August 2, 2012 § Leave a Comment
Well gosh, Facebook’s numbers aren’t as high as they’d have JOE PUBIC believe. That was probably a typo! Per Mashable:
In a March filing, Facebook claimed about5% to 6% of its accounts — or 40.3 million to 50.7 million — were fake. The company also says it bans at least 20,000 accounts daily and estimates about 600,000 accounts per day are compromised.
20K bans per day, a year and a half after Tumblr supplanted Facebook as the hot new trend in teen trolling. I wonder what that number was in 2010, at the peak of RIP stuff. THE WORLD MAY NEVER KNOW.
June 5, 2012 § Leave a Comment
The details of this BuzzFeed article are less important than that glorious headline (well not really, the article is actually pretty funny, particularly Matt Buchanan’s use of the phrase “dick algorithm” in the fourth paragraph). For those of you in the audience who aren’t 12 year old boys (I’m including myself in that category, thankyouverymuch), here’s the SFWish backstory:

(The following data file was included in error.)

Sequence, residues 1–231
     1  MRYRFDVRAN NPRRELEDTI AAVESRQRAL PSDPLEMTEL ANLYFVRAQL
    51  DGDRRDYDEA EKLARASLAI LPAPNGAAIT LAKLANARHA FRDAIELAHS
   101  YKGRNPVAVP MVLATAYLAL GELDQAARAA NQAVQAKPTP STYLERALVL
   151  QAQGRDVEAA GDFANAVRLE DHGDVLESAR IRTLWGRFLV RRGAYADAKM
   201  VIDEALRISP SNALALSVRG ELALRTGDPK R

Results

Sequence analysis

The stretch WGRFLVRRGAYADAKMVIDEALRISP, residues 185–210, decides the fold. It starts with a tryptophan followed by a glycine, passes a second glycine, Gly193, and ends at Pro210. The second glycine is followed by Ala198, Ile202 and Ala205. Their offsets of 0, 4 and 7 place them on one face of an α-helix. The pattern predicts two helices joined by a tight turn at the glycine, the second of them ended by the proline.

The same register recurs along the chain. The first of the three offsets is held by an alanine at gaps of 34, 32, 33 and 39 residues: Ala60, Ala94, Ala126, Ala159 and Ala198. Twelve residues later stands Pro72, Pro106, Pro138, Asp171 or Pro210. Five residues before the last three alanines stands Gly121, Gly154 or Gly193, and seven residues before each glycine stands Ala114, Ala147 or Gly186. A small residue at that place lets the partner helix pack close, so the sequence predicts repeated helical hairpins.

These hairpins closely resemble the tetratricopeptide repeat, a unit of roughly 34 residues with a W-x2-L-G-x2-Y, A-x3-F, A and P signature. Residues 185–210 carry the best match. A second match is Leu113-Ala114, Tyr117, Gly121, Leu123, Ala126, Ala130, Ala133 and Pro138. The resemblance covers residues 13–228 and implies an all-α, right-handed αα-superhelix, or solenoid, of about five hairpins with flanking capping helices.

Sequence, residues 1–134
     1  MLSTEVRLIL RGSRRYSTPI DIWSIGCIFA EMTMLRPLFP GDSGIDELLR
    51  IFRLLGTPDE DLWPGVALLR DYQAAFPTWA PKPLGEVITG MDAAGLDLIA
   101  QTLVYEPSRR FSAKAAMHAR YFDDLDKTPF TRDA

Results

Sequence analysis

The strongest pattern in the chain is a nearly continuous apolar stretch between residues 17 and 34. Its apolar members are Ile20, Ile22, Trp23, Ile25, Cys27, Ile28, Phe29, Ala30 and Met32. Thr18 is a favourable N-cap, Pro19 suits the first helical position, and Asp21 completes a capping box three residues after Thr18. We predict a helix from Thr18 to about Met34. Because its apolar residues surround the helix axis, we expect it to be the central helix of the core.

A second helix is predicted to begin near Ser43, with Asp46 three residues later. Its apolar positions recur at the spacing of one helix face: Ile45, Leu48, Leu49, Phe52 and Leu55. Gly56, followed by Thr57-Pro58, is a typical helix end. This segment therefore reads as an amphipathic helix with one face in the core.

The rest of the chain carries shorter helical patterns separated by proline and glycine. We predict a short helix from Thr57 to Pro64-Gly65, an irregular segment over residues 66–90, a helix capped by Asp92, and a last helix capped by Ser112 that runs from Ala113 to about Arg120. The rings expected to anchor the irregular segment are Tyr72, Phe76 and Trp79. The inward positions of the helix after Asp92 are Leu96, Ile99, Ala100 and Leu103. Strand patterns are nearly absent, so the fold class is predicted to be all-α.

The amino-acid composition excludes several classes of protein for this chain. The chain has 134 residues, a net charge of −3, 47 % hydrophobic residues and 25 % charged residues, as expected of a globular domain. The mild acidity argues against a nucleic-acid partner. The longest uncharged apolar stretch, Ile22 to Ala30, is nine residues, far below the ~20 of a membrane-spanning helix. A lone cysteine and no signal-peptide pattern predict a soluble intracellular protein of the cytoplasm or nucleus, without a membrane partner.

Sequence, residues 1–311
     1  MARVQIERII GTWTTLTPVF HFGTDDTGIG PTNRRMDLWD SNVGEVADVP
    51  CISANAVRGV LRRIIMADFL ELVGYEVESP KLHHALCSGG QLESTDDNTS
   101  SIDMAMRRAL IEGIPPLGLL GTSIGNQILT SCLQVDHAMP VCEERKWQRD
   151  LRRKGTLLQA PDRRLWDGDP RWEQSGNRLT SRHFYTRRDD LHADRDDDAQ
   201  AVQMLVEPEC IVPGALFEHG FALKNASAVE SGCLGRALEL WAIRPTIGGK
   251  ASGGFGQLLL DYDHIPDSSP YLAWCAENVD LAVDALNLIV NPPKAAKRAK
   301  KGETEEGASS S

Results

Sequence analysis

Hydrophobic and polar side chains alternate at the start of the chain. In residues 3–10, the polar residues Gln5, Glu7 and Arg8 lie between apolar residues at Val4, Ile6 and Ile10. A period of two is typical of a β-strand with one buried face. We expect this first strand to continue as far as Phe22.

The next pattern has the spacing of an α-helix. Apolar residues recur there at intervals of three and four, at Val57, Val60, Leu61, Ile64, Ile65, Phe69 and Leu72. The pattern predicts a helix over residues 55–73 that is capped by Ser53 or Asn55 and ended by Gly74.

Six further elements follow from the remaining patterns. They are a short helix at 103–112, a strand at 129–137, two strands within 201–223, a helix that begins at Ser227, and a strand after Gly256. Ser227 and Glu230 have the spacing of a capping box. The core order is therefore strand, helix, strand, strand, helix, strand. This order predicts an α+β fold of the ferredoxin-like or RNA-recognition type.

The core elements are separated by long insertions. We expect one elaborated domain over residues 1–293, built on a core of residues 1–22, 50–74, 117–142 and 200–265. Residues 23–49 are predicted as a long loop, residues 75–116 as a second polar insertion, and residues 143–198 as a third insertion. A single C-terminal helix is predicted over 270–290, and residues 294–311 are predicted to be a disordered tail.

There was always a shadow hanging over Chatroulette, and it was in the shape of penis. At least half of all encounters on Chatroulette were not with the smiling face of another human, but with a penis. Drooping or erect, hanging alone or being gently stroked by a hand. It’s part of what killed it. And it’s something that Sean and Shawn (Parker and Fanning, of Facebook and Napster fame, respectively) very much want to avoid with Airtime, their new video chat and sharing service that’s somewhere between Chatroulette — you can talk to semi-random people! — and Skype — but with your Facebook friends as a buddy list. Plus you can share videos you like with the person you’re chatting with.
But hold that thought, troll. Chatroulette this is not, as the following list of prohibited behaviors will attest. Airtime users will be banned for:
Nudity or partial nudity
Obscene or vulgar behavior
Sexually suggestive behavior
Harassment or hate speech
Behavior that makes the reasonable User uncomfortable
Submitting false reports of abuse or misconduct
Doing something that interferes with another’s uninterrupted use and enjoyment of Airtime
Impersonating other people
Recording content and distributing it without permission